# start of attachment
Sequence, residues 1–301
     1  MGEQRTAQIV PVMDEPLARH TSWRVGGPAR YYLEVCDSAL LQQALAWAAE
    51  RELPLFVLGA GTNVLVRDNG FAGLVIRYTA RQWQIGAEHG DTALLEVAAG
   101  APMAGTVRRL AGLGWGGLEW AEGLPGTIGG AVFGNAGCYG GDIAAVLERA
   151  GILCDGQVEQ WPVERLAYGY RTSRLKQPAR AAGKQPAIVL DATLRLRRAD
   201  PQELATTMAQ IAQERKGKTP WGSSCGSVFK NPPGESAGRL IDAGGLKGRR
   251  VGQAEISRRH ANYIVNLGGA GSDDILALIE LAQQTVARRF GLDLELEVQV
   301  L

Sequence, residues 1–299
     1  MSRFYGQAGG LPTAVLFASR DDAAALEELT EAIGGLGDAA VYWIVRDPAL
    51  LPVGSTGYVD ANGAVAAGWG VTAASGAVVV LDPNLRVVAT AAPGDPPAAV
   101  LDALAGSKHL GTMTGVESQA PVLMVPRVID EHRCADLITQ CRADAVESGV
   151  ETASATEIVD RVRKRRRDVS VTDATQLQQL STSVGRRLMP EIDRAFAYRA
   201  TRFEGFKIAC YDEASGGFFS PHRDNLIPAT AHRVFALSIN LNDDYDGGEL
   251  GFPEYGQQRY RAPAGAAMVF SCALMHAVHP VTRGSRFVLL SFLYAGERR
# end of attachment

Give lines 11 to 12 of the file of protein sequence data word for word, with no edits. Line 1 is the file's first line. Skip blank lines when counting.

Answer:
    51  LPVGSTGYVD ANGAVAAGWG VTAASGAVVV LDPNLRVVAT AAPGDPPAAV
   101  LDALAGSKHL GTMTGVESQA PVLMVPRVID EHRCADLITQ CRADAVESGV